A nice complement to Fergus M. Bordewich’s broader survey, Washington: The Making of the American Capital (2008), offering a more intimate look at L’Enfant and the crisis provoked by the British. (Agent: Kim Witherspoon/InkWell Management)

Sunday, February 24, 2008

Eight Things You May Not Know About the Real D.C.

1-- true or false? the first major international terrorist attack on U.S. soil took place on february 26, 1993, when a truck bomb exploded in the underground garage of the World Trade Center in New York, killing six people and injuring more than a thousand. (False: The first terrorist attack on the country took place nearly 180 years previously, on august 24, 1814, when a commando force under british general robert ross and admiral george Cockburn invaded washington, D.C. and burned every public building to the ground. the operation had no tactical significance, and was undertaken, in the words of the commanders, “to teach americans a lesson in hard war.” There were about 600 casualties on both sides.)

2-- true or false? washington d.c. was defended valiantly in 1814 by u.s. armed forces, many of whom had served with distinction during the revolutionary war. (False—there was in fact no u.s. army to speak of at the time. while authorized by congress, no money had been found to fund it. the poorly trained and equipped state militia men who were thrown into action against the british were outnumbered more than two to one and quickly fled when confronted by the advancing british. the white house was abandoned so hastily that a dinner prepared for president madison was still on the table when british troops burst in. the invaders ate the president’s dinner, plundered his closets for fresh shirts, and drank up his wine cellar…then burned his house down for good measure.)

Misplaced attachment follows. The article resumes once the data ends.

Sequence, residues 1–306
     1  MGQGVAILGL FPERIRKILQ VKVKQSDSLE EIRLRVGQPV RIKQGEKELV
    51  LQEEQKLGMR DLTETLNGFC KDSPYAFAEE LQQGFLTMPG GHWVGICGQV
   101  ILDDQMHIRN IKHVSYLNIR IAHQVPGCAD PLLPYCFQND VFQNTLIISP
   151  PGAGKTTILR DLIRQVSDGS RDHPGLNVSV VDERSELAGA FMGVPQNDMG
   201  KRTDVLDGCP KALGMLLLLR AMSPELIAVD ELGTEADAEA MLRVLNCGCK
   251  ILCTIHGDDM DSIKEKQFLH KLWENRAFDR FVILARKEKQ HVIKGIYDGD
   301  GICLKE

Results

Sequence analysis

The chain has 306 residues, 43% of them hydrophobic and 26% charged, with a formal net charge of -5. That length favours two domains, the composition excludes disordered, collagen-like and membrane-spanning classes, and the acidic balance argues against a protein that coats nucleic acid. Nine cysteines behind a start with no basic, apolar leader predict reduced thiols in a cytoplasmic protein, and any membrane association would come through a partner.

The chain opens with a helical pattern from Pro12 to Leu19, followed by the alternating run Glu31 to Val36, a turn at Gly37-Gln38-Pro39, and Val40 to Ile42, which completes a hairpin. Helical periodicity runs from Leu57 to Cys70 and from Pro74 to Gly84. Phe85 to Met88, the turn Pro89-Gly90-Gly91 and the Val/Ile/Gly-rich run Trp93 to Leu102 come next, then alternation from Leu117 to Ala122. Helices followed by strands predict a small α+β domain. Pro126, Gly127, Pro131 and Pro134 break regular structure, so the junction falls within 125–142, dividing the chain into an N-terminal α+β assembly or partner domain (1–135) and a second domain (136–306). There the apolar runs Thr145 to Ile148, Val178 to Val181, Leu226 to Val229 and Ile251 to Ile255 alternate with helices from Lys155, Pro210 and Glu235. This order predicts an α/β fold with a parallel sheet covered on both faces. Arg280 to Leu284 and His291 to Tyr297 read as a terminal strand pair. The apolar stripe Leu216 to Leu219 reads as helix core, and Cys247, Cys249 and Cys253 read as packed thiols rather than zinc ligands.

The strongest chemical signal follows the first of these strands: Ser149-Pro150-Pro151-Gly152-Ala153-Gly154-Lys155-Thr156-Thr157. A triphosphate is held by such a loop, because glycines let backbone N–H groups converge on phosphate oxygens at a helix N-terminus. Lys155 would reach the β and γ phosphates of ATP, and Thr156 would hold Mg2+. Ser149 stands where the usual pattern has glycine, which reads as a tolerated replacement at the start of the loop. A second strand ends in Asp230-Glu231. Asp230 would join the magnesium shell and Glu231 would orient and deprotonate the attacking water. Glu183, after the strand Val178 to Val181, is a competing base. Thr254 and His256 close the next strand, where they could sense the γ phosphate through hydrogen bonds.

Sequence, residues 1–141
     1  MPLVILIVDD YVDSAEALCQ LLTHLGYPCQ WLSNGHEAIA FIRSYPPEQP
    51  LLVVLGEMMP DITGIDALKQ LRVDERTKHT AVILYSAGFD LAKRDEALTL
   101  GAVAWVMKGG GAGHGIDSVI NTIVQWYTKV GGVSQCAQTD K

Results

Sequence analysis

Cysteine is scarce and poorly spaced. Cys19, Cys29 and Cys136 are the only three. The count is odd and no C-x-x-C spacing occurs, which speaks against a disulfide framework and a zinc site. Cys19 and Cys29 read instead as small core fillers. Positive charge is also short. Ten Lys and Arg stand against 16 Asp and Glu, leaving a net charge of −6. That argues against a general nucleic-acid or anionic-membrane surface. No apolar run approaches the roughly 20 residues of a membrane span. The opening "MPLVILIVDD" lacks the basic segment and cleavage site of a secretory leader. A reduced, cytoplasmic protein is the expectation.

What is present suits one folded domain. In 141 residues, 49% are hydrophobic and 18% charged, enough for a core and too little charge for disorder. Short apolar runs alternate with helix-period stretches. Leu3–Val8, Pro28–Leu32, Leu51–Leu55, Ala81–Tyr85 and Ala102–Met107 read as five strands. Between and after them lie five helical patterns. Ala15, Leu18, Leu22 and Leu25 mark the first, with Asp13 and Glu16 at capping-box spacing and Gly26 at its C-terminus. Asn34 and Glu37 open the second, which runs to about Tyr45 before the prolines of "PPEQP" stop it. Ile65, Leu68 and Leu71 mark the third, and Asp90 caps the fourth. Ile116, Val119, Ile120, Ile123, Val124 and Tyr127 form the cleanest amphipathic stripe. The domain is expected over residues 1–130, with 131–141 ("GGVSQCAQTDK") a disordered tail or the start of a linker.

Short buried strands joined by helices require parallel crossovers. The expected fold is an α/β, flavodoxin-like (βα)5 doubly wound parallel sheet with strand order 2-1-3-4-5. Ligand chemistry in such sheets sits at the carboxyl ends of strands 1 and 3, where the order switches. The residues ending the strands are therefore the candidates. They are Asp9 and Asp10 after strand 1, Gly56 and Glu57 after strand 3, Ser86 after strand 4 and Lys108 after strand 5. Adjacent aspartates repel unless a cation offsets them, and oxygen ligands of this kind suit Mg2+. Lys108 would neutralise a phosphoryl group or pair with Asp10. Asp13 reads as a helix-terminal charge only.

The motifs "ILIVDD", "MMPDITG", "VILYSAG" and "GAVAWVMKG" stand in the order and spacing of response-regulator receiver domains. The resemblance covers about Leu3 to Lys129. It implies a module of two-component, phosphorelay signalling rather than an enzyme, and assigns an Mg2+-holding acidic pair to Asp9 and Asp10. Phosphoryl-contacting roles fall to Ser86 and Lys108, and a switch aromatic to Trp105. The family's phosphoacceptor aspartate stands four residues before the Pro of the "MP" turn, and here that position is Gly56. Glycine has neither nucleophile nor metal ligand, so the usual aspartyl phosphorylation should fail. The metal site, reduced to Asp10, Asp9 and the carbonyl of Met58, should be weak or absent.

3-- Who was the first american president to cut a backroom deal in support of a pet political project of his own? a) Ronald “arms for contras” reagan. b) bill “Whitewater” clinton. c) warren “teapot dome” harding. d) George “I cannot tell a lie” washington. (Answer: D). In order to secure support of northern congressmen for his proposed capital site on the potomac, washington agreed to support legislation calling for the federal government’s assumption of debts accrued by states in the fighting of the revolutionary war. washington’s deft horse-trading became known as “the great compromise of 1790.”